What is Passive Cooling?
Passive cooling is a relative term that many people, especially in the technology department, have given to any device that requires active cooling, something like a heat sink or a cooling fan with a ventilation system. This article will specifically focus on personal computers or PCs, but there are such things as passive cooling systems for graphic cards, etc. The want of a computer that is silent is nothing new. In fact, computers with no cooling fans, hacked gadgets, are easy to create or it is easy to find someone that can help create the passive cooling system for almost any computer.
Some passive cooling techniques include, but not limited to, using thermal conductive liquids such as cooking oil or motor oil to submerge certain parts, such as the CPU. Although many techniques and common sense would dictate that submerging any electronic device, usually an expensive one, is not a smart idea, but science has led to many non-conventional ways of handling the PC.
The Costs and Benefits of Passive Cooling
The benefits of having a passive cooling device is a quieter workplace; however, the costs associated with having a passive cooling system is still rather high. For one, creating a passive cooling system can require materials that may have to be purchased. Additionally, the warranty, if any, will become void upon tampering. Thirdly, there is no guarantee that the device will maintain the temperature as effectively as it would if the fans were still in place.
According to Puget Custom Computers, passive cooling PC projects are not for everyone and success cannot always be counted upon. Without any prior knowledge of the parts involved, one must not attempt to embark on creating a computer with no cooling fans. Hacked gadgets are nice to have and show off one’s ability to tamper with technology, but the costs and efforts are depended upon personal choice.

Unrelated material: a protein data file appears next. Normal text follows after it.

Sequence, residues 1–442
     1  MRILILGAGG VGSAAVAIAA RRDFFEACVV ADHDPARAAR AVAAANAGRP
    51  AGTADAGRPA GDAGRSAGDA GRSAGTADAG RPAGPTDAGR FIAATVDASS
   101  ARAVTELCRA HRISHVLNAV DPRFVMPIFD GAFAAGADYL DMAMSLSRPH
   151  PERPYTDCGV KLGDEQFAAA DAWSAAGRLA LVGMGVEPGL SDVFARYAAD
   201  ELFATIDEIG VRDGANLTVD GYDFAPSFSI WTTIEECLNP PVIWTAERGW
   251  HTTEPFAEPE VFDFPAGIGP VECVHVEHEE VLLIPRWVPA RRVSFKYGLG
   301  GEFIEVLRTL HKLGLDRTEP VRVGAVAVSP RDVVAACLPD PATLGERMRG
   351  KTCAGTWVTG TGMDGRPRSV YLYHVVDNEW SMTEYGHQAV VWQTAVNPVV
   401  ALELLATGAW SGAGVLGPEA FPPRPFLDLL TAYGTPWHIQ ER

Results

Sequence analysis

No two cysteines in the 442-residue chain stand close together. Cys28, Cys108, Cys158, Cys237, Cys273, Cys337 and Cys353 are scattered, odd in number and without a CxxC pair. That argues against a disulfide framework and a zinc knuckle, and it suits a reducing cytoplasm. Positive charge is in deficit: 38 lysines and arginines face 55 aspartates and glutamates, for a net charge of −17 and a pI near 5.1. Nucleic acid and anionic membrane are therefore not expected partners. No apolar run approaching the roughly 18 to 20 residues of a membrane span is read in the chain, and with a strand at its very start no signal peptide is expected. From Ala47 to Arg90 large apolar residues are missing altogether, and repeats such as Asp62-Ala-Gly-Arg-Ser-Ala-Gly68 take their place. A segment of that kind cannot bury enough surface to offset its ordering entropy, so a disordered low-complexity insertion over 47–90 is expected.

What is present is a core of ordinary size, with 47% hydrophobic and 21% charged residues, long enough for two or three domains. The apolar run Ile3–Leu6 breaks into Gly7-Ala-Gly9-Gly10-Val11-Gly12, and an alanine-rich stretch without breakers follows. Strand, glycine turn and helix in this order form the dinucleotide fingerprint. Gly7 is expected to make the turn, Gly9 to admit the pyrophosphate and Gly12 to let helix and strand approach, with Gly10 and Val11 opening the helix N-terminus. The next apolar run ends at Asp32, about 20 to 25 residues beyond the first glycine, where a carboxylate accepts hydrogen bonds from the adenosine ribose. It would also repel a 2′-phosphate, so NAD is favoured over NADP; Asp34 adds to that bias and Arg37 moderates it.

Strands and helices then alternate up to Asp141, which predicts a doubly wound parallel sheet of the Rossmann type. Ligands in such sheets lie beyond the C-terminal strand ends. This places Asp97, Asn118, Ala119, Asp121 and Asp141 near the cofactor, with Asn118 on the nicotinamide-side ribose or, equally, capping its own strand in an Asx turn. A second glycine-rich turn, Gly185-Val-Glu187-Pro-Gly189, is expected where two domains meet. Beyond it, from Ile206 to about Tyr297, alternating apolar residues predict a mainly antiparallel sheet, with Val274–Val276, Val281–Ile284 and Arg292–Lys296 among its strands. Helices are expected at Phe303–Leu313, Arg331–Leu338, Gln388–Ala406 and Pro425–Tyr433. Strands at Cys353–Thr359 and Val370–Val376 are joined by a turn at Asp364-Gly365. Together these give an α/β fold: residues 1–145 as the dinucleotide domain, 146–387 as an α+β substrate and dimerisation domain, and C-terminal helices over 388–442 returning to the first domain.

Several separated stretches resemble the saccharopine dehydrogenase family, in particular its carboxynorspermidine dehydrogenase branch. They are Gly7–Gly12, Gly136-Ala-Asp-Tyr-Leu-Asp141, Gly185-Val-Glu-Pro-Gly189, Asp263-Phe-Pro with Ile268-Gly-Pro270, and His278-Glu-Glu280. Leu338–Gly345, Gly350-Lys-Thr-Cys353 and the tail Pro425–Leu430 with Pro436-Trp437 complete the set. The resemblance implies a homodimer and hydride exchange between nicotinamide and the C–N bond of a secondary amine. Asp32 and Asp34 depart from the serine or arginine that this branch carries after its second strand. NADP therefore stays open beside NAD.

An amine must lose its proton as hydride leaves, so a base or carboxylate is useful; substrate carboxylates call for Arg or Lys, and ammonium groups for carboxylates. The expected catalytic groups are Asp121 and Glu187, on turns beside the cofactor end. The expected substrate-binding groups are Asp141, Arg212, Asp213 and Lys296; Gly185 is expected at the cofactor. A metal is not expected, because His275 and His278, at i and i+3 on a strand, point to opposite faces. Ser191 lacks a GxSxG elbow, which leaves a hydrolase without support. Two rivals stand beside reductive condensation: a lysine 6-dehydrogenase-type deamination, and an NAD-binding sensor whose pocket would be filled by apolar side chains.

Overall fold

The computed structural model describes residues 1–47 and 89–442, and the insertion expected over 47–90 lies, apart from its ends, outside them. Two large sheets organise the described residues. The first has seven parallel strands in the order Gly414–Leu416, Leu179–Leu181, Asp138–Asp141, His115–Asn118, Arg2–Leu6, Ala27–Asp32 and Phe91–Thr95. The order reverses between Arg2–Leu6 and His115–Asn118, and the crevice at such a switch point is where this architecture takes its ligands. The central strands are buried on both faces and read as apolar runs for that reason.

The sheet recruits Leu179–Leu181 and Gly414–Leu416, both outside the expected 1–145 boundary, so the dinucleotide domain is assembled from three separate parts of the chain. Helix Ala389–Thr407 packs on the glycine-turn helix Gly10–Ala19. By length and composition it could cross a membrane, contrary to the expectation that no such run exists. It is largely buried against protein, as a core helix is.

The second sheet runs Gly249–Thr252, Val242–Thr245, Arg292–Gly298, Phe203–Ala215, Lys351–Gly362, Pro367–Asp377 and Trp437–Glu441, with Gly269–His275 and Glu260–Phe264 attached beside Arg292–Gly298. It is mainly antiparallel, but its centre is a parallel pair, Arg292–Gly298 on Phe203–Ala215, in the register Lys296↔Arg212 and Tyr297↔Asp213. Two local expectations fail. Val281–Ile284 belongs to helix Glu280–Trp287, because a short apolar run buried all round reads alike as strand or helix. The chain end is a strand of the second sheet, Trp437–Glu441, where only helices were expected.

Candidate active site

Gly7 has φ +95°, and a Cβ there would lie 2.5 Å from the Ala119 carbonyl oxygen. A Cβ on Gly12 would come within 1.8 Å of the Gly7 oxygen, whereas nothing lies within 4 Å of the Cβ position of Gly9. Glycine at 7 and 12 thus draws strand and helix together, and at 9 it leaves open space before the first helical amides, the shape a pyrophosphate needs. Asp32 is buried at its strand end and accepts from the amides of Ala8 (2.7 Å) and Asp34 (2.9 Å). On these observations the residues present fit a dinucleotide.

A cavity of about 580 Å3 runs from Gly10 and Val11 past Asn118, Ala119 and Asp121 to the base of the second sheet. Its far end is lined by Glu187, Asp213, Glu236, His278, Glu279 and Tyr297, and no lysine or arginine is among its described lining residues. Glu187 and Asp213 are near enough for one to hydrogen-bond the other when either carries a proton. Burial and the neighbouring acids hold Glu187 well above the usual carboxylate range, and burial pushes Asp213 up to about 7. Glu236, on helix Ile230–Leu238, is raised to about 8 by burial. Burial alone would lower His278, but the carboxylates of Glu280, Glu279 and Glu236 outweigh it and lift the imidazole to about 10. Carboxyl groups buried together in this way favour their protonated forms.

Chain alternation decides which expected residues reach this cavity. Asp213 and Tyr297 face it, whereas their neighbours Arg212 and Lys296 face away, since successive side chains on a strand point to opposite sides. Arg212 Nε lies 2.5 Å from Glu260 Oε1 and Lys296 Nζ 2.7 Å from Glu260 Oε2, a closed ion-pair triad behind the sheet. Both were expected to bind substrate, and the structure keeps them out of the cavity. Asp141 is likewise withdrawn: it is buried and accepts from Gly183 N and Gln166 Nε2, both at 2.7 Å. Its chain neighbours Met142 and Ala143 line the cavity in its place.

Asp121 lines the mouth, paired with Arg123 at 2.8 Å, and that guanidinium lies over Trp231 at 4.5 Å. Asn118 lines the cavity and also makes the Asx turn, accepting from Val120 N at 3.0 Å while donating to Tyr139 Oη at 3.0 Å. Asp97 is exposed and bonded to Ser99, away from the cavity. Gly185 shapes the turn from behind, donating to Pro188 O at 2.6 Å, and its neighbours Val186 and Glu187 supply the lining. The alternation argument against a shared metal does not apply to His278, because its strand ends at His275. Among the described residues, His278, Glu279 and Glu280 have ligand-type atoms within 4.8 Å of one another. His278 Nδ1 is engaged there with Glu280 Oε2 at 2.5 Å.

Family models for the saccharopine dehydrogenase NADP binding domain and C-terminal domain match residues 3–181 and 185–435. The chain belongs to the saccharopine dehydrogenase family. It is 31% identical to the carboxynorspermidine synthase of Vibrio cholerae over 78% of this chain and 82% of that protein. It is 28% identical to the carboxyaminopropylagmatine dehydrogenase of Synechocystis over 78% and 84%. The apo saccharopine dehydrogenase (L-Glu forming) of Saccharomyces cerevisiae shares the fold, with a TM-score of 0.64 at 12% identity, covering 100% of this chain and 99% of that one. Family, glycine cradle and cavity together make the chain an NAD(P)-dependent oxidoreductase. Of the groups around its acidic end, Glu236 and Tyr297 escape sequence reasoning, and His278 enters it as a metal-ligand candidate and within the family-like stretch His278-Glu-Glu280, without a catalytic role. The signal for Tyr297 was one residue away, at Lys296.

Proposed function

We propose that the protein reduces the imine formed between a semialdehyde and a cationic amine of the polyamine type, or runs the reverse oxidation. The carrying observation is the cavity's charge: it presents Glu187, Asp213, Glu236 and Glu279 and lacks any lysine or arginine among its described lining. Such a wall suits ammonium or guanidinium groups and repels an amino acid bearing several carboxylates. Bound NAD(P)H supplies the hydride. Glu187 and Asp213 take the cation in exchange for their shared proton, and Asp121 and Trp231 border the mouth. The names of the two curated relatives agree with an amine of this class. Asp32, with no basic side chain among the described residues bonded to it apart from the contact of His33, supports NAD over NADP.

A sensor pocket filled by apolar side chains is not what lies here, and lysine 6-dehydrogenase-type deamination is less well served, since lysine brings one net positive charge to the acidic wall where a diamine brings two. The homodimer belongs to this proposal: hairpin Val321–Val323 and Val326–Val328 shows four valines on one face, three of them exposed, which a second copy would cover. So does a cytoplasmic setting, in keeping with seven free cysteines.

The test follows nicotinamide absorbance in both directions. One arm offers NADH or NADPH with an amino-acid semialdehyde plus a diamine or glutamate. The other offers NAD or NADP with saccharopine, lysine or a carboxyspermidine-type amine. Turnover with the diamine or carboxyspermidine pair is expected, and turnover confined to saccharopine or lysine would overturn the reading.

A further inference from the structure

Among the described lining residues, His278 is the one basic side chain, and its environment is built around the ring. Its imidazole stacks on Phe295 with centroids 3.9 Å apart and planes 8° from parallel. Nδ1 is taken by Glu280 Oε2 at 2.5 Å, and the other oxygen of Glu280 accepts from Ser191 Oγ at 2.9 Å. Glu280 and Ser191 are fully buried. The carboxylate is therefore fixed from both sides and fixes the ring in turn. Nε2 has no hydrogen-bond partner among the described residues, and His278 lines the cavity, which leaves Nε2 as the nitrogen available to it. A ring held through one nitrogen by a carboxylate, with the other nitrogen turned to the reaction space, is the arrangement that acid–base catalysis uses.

Mineral Oil Submerged Computer
Computer with No Cooling Fans - Hacked Gadgets
Here is a brief list of projects that have successfully installed a passive cooling system for their PC. Depending on the technique used, some projects include submersion. This technique uses oils or other thermal conductive liquids in order to cool the CPU and other parts from overheating; however, additional parts such as a bigger case or a fish tank may be required.
Another technique includes slightly more complex methods such as a combination of oils and water or water alone to cool the PC. Water is cheap, but deadly to open wires and can lead to electrocution if not properly handled. Finally, there are additional passive cooling systems out there on the internet, but be cautious when parts are limited or very expensive to replace.
Overall, when working with computer parts, always include spare parts, do additional research on the specific desktop, have spare money available in case of a mishap, and try to have a backup computer just in case. Passive cooling for computers with no fans can leave one without the annoyance of the fan’s noise, but it can also provide less time on the computer and extra expenses such as additional material.